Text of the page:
Jeff Francis, mastering engineer
Music available from Kol Meira Publications; Here is Meira Warshauer's Home Page
Recorded September 14, 2001; Duration: 5m42s; Instrumentation: 15 tracks synthesizer (Korg Triton Rack)
The Tagline: Pretty intense, not for kids... severe ...
The Story: This piece is about many things, many things coming together. It is about the World Trade Center attack, about the Holocaust, about nostalgia, about "the future", finding new musical languages, about this, that, and other things. It may be about different things for you.
Recording Details/Construction details: 15 tracks of improvised material, all recorded in successive takes (one track after the other). Gear used: Korg Triton Rack. Unedited, un-reverbed, un-anything. Enjoy... stay with it. Two other interesting notes: 1) A fast click track in 17/4 meter was used during recording, but it's muted on the final copy. Click track was there for inspiration. 2) The choice of instruments was rather vague and random. I didn't really care what they were. I had faith that I could make do with whatever sounds I had.
See www.Ljova.com for more tracks, biography, and contact information.
Recorded October 6, 2001; Duration: 10m27s; Instrumentation: viola (solo)
The Tagline: Lost, found, and then lost again. :)
The Story: I bought a new microphone, a very expensive one. The day after I got everything set up, I recorded two improvisations with my viola, #11 entitled "Always Playing" (which includes me talking into the new microphone) and #12 "A Bohemian Rhapsody for One". Both improvs were recorded within the same hour, and of course they are radically different -- "Always Playing" is a conservative three-movement "suite", while "Bohemian Rhapsody" is all over the place, and includes segments of me whistling along with my viola (in a quasi-recetative manner), and humming (in a fashion quasi Paolo Conte) an excerpt from Mahler's 2nd Symphony. As with all improvised material, it's somewhat anti-effective to speak about "what inspired this and that", so I'll just gladly acknowledge that I am privegeled to listen to varied and weird music all the time.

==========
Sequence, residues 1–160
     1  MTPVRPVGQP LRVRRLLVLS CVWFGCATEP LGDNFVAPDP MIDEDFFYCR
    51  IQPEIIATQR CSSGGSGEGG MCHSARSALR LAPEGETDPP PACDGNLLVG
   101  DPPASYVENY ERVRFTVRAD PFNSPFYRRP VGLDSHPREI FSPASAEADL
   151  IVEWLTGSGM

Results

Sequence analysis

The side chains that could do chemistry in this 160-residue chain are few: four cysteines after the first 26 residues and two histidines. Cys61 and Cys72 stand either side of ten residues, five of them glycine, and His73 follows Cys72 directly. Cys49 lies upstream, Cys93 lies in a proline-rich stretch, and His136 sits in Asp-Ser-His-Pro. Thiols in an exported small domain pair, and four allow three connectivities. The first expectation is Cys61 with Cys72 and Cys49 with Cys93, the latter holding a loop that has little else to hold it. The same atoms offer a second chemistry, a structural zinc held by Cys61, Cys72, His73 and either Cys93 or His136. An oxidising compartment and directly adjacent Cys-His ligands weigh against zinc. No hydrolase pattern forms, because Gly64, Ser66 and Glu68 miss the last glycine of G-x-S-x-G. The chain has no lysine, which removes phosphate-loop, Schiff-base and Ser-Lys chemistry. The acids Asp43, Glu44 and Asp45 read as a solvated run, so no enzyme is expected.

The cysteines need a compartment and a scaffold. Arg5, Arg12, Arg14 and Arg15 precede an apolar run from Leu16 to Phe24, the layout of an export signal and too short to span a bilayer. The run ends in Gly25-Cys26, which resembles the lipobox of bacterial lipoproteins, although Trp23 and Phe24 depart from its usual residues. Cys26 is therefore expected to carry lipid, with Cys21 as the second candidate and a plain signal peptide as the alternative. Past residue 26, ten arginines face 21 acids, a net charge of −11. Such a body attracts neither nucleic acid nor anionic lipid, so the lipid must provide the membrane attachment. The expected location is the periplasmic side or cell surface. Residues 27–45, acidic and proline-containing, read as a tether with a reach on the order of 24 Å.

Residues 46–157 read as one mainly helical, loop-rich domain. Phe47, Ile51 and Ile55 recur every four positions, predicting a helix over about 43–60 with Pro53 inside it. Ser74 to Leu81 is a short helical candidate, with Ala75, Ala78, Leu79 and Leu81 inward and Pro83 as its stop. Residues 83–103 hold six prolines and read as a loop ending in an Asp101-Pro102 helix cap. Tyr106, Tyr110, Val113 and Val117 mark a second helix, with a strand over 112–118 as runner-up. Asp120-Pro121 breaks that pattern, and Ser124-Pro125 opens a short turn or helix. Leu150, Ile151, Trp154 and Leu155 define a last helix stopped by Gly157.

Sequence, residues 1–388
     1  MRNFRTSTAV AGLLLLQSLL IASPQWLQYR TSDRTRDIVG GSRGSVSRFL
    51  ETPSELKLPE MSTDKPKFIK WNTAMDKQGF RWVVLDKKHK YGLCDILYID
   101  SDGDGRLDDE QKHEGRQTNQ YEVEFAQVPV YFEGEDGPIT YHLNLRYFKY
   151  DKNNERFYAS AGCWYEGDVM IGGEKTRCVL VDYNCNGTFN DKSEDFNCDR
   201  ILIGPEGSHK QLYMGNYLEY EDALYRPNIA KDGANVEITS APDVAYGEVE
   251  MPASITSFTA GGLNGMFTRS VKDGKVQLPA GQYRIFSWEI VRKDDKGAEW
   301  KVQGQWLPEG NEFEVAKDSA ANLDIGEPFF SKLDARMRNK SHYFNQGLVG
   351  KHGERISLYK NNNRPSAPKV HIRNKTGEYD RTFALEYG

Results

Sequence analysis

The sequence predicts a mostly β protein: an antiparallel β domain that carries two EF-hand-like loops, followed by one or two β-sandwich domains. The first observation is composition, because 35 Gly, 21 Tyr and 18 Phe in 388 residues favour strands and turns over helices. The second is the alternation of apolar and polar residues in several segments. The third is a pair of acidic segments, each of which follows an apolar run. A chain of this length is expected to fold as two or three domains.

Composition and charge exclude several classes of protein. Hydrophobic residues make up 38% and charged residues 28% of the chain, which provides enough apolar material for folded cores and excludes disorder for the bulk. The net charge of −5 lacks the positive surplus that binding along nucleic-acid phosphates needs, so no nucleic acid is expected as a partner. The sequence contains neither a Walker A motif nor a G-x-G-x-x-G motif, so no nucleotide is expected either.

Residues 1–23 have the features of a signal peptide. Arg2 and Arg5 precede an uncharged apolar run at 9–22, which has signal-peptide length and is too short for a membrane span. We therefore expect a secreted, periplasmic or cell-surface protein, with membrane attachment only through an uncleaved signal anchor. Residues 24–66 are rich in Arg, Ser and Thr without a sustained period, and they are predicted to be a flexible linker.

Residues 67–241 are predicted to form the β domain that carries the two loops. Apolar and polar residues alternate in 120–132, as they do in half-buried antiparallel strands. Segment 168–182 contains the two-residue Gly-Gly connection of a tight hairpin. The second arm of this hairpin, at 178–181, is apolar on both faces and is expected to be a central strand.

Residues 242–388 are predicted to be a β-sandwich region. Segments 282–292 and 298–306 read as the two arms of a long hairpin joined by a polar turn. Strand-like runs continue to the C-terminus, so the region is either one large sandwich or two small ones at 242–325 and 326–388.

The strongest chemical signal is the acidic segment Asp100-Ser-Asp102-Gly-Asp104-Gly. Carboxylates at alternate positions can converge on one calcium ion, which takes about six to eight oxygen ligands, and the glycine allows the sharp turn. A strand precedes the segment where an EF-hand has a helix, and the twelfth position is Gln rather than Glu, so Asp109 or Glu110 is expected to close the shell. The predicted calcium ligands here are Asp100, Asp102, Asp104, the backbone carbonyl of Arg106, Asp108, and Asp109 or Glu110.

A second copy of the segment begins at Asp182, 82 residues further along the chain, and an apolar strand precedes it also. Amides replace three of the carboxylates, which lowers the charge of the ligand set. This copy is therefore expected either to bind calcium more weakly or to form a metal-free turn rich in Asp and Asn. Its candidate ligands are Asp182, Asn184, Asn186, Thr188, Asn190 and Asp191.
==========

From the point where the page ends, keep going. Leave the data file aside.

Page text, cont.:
Form-wise, I think the improv came out as: Lost, found, then lost again. By that I mean that initially the recurring motto (in C# minor) appears lost in a sea of other motifs... about 6 or 7 minutes into the improv., another motto (in D major) is found and takes the improv to great heights... and then gets confused again as we shift into whistling, screaming, and hillbilly music. Have I said enough? :)
Recording Details: Home recording using a viola by Alexander Tulchinsky, a Neumann TLM-103 Microphone, and Logic Audio Platinum (software).
See www.Ljova.com for more tracks, biography, and contact information.
"Outside" for string orchestra -- in memoriam victims of terrorism
Composed September 24, 2001; Premiered September 27, 2001; Performers: Sebastian Chamber Players; Duration: 3m; Instrumentation: String Orchestra
The Tagline: in memoriam victims of terrorism
The Story: This piece was commissioned and premiered by the Sebastian Chamber Players, a young and talented ensemble in New York City. They had originally wanted me to write something upbeat and cheery, but, due to the tragic events of September 11, 2001, this wasn't great timing.
Recording Details: Live recording of the premiere, using 1 microphone and a Sony MiniDisc recorder...
See www.Ljova.com for more tracks, biography, and contact information.
Recorded October 29, 2001; Duration: 4m32s; Instrumentation: Korg Triton Rack (synthesizer)
The Tagline: icy, detached piece for strings and electronics
The Story: This piece has nothing to do with the America in the 60s, the hippie movement, etc. It is merely a sort of reflection on, say, a picture of a young boy or girl who is a flower ... slowly growing, opening and closing in slow motion...
Recording Details: Home recording, using the Korg Triton-Rack, and Logic Audio Platinum (software).
See www.Ljova.com for more tracks, biography, and contact information.